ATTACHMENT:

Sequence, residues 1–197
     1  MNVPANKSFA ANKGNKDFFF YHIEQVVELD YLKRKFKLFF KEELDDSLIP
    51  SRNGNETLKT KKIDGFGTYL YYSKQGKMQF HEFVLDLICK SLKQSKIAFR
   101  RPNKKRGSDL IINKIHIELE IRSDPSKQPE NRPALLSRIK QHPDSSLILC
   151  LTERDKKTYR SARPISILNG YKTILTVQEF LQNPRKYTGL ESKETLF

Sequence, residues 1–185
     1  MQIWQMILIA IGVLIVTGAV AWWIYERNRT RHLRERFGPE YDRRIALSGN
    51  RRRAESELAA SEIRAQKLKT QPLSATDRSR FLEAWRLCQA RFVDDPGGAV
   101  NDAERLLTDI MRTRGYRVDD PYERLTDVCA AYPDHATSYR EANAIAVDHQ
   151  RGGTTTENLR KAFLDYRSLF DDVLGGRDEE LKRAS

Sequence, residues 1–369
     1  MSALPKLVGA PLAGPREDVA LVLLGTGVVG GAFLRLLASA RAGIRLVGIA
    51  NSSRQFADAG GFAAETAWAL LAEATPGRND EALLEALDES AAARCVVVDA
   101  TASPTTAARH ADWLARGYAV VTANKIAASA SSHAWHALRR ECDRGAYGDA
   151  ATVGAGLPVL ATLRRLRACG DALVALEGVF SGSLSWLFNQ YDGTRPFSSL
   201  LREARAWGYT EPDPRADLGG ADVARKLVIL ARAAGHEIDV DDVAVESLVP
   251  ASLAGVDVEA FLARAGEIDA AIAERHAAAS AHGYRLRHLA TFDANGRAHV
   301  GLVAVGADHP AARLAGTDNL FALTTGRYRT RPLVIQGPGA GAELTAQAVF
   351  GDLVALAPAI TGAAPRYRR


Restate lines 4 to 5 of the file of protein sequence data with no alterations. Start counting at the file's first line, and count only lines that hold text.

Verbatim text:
   101  RPNKKRGSDL IINKIHIELE IRSDPSKQPE NRPALLSRIK QHPDSSLILC
   151  LTERDKKTYR SARPISILNG YKTILTVQEF LQNPRKYTGL ESKETLF